Ethical Questions Surround COVID Vaccine Passports
April 2, 2021 – As discussions about ‘vaccine passports’ accelerate and more people around the world complete their COVID-19 vaccines, ethical dilemmas arise.
Mark A. Hall, JD, from Wake Forest University Law and Medical Schools in Winston-Salem, NC, and David M. Studdert, ScD, LLB, University Law and Medical Schools Stanford, Calif., Present some of the key ethical considerations in a perspective published online Wednesday in the New England Journal of Medicine.
Israel is already issuing what it calls “green passes”. Australia, Denmark and Sweden have pledged to implement passports, and the United States, the British government and the European Union are considering their own versions, the authors note.
Although the uses of passports differ, they will all serve as proof that the wearer has been fully vaccinated against COVID-19 with the goal of safely reopening economies.
Hall and Studdert point out that vaccine stocks are currently limited, so granting privileges to those who have been fortunate enough to obtain them “is morally questionable.”
Even when vaccines are more widely available, they note, rates among minorities and low-income people will likely remain low, which could lead to discrimination.
Additionally, a passport system would essentially penalize people with religious or philosophical objections to getting vaccinated.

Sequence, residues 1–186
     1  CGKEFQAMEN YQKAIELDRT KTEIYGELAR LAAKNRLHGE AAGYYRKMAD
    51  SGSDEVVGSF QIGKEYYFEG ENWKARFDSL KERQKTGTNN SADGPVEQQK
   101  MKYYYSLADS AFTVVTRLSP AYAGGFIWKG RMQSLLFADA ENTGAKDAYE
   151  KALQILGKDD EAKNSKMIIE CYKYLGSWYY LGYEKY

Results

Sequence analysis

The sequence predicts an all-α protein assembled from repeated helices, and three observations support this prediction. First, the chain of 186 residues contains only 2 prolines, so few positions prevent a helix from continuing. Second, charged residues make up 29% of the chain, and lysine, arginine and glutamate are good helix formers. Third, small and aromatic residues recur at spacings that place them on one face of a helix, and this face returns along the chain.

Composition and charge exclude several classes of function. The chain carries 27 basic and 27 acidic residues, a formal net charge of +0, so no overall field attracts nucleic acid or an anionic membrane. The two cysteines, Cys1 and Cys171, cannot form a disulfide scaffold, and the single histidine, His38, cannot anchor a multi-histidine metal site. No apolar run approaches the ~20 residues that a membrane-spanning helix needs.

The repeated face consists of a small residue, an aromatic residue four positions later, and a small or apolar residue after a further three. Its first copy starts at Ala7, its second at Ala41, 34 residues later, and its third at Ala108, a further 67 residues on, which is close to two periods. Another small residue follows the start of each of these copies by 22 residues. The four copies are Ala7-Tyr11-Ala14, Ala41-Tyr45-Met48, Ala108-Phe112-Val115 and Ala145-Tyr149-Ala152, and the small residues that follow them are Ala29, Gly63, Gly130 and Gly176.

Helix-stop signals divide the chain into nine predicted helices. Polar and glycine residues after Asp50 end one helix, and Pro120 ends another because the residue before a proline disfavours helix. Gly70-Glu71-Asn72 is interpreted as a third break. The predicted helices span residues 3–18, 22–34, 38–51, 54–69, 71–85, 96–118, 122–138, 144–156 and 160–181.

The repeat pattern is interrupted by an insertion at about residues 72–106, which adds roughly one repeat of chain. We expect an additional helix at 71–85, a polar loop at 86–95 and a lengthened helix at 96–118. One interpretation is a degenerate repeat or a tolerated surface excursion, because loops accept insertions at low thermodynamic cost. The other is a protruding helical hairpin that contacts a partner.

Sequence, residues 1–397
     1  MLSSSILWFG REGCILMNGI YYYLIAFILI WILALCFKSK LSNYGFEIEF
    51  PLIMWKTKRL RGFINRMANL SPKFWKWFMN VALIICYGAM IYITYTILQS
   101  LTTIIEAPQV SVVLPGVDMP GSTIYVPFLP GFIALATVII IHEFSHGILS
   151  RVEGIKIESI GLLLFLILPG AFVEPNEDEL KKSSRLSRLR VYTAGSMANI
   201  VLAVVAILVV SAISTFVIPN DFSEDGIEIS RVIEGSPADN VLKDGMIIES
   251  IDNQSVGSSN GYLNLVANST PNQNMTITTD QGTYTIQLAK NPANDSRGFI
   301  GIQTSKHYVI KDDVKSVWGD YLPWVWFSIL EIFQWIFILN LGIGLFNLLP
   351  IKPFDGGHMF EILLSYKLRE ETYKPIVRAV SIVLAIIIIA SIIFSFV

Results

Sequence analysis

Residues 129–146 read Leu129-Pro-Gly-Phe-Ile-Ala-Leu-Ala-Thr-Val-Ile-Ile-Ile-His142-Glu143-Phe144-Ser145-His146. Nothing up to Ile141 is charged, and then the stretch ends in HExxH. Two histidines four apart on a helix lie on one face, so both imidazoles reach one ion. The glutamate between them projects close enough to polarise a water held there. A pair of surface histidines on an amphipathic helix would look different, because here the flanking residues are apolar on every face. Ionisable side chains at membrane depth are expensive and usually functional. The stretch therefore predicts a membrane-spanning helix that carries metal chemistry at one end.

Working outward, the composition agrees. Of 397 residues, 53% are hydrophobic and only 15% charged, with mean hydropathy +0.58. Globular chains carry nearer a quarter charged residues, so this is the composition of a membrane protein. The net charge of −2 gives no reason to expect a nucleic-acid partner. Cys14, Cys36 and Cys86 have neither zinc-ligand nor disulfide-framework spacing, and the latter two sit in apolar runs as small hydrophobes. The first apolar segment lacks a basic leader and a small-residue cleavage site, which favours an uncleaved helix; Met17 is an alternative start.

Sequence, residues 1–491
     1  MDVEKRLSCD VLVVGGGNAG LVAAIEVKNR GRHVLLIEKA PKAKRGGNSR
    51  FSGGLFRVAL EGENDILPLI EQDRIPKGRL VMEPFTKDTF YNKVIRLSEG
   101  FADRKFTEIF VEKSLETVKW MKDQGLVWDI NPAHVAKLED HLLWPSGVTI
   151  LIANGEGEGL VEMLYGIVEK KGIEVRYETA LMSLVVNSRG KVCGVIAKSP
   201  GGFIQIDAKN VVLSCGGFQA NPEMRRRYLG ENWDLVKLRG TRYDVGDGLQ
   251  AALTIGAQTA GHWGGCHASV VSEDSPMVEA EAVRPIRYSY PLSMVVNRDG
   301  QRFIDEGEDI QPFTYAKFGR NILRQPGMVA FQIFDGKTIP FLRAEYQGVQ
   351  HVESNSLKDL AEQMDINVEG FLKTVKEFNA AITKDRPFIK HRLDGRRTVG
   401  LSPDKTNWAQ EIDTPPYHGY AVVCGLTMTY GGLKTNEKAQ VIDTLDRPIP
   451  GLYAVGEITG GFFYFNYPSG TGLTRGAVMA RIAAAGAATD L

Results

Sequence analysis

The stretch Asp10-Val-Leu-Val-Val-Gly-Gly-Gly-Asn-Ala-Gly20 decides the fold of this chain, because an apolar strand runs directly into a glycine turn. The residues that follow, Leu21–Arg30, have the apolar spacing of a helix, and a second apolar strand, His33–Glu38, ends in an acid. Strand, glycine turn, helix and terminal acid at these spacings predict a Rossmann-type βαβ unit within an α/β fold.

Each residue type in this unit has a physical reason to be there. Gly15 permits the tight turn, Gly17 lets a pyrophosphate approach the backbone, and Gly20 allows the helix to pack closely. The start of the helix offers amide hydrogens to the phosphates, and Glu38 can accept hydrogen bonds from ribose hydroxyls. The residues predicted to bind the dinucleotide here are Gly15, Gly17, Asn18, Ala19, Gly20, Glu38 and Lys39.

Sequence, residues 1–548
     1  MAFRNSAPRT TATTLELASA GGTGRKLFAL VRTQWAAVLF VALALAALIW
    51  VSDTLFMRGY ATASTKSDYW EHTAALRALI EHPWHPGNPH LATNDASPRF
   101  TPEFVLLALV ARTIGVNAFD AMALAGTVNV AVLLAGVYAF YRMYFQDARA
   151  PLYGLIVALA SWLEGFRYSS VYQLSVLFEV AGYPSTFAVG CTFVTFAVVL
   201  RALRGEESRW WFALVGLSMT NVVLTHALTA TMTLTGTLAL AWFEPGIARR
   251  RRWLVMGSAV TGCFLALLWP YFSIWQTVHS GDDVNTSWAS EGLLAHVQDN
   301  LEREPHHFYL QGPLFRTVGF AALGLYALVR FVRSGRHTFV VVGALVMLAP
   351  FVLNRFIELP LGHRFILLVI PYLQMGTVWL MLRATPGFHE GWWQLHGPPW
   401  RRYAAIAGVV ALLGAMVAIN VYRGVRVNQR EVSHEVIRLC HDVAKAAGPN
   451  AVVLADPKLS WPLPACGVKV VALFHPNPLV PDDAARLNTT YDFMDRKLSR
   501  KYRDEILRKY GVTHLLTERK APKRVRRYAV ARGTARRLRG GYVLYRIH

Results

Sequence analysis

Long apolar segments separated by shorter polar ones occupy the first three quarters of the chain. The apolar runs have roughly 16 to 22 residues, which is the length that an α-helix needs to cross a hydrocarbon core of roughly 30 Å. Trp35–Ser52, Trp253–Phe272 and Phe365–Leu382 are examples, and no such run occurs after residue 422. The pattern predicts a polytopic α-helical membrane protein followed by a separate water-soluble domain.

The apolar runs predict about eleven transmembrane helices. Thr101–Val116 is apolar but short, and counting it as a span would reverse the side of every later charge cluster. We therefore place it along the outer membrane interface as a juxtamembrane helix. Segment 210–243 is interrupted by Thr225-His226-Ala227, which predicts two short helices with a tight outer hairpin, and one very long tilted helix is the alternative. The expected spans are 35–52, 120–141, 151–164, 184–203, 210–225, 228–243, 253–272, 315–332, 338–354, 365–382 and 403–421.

It would also penalize people who just don’t want to be vaccinated, but the authors say: “[R]equating people who refuse vaccination with bearing certain consequences of their refusal seems fair, especially if, collectively, such hesitation puts collective immunity out of reach. “
The range of competing arguments, say the authors, suggest “that it would be hasty – and extremely unlikely in the United States – to make government policy of vaccine passports.”
But the arguments do not support a ban on all use of vaccine certification, as some have proposed, they say.
Florida Governor Ron DeSantis said this week he would issue an executive order banning local governments and businesses from requiring passports.
One area that has gained clarity is the protection provided by vaccines, an argument for having accreditation. The authors point out that the data shows that the risk, especially in terms of serious illness and death, is significantly reduced with vaccinations.
Our sincere thanks to